So much for Roger Federer against Novak Djokovic in the 2018 U.S. Open.
John Millman played spoiler to what would have been one of the most highly anticipated meetings of this year's tournament with a 3-6, 7-5, 7-6 (7), 7-6 (3) victory over the second-seeded Federer in Monday's fourth-round showdown at Arthur Ashe Stadium. Millman will now play the sixth-seeded Djokovic in the quarterfinals.
According to the ESPN broadcast, this was Millman's first-ever win against a top-10 player, and he did it on one of the sport's biggest stages against an all-time legend.
It was also a shocking loss by Federer's historically great standards:
The result was largely possible because of an uncharacteristically poor performance from the Swiss star. Federer had a jarring 76 unforced errors to just 28 from Millman, per the tournament's official website, which was too much to overcome even though they each won the same number of break points (three).
"I have so much respect for Roger and everything he's done for the game and he's been a hero of mine and today he was definitely not at his best but, you know, I'll take it," Millman said after the match, per Christopher Clarey of the New York Times.
Federer figured to cruise if he was at his best as a 20-time Grand Slam champion, but he also needed the entire three sets when he won his only other match against Millman in 2015. The two are more familiar with each other than the lack of history suggests, as Federer revealed he has trained with Monday's opponent in the past.
"I'm a big fan of John. Maybe not that many people know him but he's a real hard-working guy out there and those are the guys who have all the respect from us top players in the locker room," he said, per Australian Associated Press (h/t ESPN.com). "He's just come to Switzerland to train with me before the grass-court season so we know each other quite well, a super friendly guy, and I'm very happy for him that he's gotten so far."
He's surely not happy Millman made it past him, especially since Monday was a drastic change from the first three rounds when he didn't drop a single set and resembled the version of himself that won this tournament five straight times from 2004 through 2008.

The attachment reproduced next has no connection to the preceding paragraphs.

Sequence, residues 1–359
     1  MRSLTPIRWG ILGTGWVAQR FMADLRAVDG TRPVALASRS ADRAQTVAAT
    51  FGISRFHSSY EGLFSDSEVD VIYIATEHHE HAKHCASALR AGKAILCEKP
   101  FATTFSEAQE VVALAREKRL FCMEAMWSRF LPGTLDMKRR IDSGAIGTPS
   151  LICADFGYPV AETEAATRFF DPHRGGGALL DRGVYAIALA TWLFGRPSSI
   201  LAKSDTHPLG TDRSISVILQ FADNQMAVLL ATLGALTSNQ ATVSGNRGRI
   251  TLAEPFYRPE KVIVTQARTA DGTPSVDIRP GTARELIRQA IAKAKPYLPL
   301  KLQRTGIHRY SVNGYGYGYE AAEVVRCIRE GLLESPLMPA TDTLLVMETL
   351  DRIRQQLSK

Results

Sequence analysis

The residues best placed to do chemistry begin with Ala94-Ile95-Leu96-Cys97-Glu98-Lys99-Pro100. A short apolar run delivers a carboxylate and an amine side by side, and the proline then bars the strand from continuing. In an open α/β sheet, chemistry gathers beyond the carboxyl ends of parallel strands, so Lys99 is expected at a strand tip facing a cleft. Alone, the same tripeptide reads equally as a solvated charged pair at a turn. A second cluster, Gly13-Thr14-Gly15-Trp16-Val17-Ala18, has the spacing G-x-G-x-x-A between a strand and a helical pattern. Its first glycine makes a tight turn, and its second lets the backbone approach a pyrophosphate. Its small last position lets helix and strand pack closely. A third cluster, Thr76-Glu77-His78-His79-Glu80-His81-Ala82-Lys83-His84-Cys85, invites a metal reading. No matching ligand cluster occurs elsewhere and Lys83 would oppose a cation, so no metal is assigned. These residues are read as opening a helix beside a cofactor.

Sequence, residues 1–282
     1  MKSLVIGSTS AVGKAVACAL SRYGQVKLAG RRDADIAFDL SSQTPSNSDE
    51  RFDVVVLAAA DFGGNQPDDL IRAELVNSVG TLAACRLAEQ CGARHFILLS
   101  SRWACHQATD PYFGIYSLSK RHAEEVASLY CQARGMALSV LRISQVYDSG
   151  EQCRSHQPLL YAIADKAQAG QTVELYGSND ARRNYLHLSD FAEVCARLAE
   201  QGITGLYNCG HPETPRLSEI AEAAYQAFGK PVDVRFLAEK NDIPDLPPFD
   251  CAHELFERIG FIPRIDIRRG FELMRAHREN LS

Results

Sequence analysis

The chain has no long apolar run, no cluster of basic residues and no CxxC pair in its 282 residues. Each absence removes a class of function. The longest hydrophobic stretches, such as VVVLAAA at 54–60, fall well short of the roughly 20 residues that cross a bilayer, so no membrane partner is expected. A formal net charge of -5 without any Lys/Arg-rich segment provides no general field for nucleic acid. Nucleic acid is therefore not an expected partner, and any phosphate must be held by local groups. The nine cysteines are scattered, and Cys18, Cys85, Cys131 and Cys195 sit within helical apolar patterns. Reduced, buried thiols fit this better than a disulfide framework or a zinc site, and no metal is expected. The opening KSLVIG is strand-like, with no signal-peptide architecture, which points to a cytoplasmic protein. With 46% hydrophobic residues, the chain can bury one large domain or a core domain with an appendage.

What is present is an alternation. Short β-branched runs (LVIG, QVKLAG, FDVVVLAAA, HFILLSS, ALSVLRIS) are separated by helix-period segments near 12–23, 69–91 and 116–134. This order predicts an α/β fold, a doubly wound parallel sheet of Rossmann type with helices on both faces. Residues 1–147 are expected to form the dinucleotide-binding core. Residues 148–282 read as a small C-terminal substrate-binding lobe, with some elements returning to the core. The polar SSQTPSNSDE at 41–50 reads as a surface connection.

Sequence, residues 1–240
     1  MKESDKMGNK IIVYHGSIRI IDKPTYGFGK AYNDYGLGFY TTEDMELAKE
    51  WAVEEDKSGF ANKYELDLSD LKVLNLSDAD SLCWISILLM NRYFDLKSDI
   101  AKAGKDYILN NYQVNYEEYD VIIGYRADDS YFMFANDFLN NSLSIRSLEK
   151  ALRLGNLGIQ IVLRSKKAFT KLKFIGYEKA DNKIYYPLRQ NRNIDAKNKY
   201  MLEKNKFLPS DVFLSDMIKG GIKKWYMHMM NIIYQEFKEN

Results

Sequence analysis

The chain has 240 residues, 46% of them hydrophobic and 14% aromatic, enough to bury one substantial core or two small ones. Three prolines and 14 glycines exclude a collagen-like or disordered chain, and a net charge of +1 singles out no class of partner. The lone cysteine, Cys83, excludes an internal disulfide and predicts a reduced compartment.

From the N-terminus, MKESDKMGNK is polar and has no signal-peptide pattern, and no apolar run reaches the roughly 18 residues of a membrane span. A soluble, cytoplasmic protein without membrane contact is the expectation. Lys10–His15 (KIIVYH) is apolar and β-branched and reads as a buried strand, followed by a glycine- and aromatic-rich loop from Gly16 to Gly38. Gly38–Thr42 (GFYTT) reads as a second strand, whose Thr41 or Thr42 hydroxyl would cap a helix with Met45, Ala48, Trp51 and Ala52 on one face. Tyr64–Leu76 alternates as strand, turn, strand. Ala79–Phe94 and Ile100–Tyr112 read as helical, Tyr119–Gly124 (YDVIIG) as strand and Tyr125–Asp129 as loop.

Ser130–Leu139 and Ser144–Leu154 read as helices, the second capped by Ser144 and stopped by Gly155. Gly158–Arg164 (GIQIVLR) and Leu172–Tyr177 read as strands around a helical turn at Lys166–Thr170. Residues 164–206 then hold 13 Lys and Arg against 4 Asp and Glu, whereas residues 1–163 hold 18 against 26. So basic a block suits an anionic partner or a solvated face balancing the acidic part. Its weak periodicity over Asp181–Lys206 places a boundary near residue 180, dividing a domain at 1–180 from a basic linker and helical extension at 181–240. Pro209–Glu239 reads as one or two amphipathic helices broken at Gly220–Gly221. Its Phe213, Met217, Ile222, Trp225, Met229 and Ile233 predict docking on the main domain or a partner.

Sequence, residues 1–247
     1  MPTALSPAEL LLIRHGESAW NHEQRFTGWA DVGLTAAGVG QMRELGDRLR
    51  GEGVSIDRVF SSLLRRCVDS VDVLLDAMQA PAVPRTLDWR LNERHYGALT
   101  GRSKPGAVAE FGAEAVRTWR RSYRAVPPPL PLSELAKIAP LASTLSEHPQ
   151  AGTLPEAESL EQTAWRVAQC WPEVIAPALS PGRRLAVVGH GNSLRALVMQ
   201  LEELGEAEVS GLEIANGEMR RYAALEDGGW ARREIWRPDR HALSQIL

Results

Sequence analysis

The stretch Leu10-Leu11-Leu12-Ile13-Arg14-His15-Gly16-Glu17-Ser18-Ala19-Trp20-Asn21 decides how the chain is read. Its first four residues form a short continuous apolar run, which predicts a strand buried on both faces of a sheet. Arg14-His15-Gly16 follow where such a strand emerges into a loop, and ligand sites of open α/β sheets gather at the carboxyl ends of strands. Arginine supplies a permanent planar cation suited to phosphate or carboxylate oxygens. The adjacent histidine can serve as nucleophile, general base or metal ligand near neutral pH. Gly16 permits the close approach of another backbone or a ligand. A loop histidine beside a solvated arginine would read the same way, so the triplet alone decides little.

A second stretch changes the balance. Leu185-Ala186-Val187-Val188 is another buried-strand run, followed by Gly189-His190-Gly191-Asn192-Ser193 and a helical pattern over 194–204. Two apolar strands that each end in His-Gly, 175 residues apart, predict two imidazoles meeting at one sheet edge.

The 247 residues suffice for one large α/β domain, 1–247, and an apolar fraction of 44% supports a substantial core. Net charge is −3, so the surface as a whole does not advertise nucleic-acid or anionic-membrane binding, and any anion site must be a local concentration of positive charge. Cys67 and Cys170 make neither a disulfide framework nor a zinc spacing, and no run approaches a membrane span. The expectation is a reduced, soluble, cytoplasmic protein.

Federer wasted little time setting the tone and broke Millman's first service game on his way to a straightforward first-set win before things went off course.
Unforced errors and missed opportunities allowed Millman to break twice in the second set after falling a break behind, and Federer couldn't even force a tiebreak despite the fact he served for the set up 5-4.
Federer was able to force a tiebreak in the third set by remaining on serve and again in the fourth set after they exchanged breaks, but it did him no good, as Millman came through with the match hanging in the balance both times.
Attention now turns to the clash between Djokovic and Millman in the quarterfinals, as the Australian looks to stun the tennis world again with a victory over a marquee name.
Djokovic won the only previous match between the two earlier this year by cruising in straight sets, but the Millman who took the court against Federer didn't look like someone who will go out without a challenge.
If Djokovic struggles at all with unforced errors and isn't able to take advantage of opportunities to put the match away, Millman proved he is capable of beating one of the best the game has ever seen.